The test system was built around AEDIS, which is a combination of five major components:
- NI FlexRIO PXI modules and chassis.
- Signal conditioning hardware.
- A REST API interface for the client’s test sequencer and LabVIEW FPGA for the hardware interfacing.
- An out-of-the-box browser-based app to interact with the AEDIS system.
- A source measure unit to supply and test the DUT’s power needs.
With this design, AEDIS acts as an instrument to incorporate into the client’s overall test system.
The NI FlexRIO modules use Xilinx FPGAs for digital I/O at the rates and channel counts required to fully test the FPA on the DUT. Some digital lines were used for commands to the FPA while most were used to receive output from the FPA.
The AEDIS interfacing hardware acts as an ITA while converting the FPA/ROIC signals to types expected by the FlexRIO. A custom “personality” module provides the physical connectivity from the client’s hardware cabling to the ITA. The AEDIS software handles the test configuration setup, data acquisition, and data storage via high-speed RAID drives.
During development of the test system, AEDIS hardware and software were also used to emulate the actual FPA and electronics to verify, before deployment, that the test system was working as required. This same setup can also be used for periodic verification as might be needed for an annual equipment performance audit.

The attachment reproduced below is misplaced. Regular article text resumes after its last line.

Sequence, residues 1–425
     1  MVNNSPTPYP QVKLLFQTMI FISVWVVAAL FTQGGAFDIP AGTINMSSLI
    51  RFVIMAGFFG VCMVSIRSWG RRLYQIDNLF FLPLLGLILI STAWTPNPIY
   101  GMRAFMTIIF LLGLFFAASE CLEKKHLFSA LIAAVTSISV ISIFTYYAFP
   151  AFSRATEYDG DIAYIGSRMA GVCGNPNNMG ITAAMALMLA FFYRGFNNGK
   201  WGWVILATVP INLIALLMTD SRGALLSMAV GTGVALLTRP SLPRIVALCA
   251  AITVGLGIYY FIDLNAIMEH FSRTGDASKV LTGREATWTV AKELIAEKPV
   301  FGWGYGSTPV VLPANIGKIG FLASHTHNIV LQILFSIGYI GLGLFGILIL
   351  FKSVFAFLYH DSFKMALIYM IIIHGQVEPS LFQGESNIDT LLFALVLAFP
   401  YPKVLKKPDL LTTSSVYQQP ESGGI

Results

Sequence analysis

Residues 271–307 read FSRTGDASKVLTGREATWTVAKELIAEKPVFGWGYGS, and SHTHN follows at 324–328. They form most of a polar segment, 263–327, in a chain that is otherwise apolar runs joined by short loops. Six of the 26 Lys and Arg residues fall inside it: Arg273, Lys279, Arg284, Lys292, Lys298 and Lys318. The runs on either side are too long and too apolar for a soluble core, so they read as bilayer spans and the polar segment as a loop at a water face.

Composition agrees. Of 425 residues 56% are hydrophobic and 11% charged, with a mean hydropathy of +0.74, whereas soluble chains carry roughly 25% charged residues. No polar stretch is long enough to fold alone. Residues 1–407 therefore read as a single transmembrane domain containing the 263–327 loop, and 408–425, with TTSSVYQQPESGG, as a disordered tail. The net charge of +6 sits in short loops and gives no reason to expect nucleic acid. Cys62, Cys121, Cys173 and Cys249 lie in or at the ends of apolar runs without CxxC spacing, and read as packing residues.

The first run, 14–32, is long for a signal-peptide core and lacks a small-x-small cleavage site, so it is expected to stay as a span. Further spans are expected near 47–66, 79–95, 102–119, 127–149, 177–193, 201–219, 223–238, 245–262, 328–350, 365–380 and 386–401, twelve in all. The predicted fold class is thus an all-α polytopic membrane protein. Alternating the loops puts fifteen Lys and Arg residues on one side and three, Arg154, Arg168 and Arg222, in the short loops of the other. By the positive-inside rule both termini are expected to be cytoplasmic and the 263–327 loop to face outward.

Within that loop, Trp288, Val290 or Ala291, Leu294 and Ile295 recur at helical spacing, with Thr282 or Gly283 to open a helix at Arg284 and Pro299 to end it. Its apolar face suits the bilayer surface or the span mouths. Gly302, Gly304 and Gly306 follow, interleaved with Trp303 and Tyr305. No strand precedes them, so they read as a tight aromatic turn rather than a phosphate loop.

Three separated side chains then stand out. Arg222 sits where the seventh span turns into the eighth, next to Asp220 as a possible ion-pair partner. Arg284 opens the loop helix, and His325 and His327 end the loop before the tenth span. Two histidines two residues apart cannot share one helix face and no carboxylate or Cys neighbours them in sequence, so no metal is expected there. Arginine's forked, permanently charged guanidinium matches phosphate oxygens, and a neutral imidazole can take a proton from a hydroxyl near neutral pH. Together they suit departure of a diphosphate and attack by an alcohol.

Finally, configuration files were built from user-created scripts to give the client flexibility for adding new test capabilities for the DUT.
Some of the significant hardware and software challenges mitigated by this combination of PXI FlexRIO and AEDIS are:
- Interface to tester: The AEDIS system is treated as an instrument managed by an overall test system. The client developed some custom C# code to interface to the AEDIS REST API interface to automate their test procedures.
- DUT interfacing: Standard (keyed) cabling ran between the DUT and the custom AEDIS “personality” card to match cabling to the DUT. The output of this personality module went to the AEDIS LVDS modules.
- Channel skew: The high-frequency digital LVDS signals from the DUT can develop noticeable timing skews between channels upon arrival at the FlexRIO inputs due to signal path length differences. The test system had to detect and accommodate for these skews before combining the bits streams into bytes, then pixels, then an image.
- High data rates: Not only were the digital data output at high frequency but many channels were needed to accommodate the full frame rate of the DUT. The FPGA and the PXI backplane needed enough processing and transport bandwidth to accommodate the throughput.
- Interlocks: Keyed cabling and “signal present” software checks assured proper connections between the DUT and the AEDIS hardware before testing would begin. These safety checks were justified due to the high cost of each DUT.
- User-defined scripts: Scripts created and edited by the user provided flexibility to address future test types and system obsolescence. For example, the scripts defined details such as a) the DUT-specific commands (some of which could not be shared with us for secrecy reasons), b) when the image is being captured (or ignored), and c) if the image is stored to disk or RAM.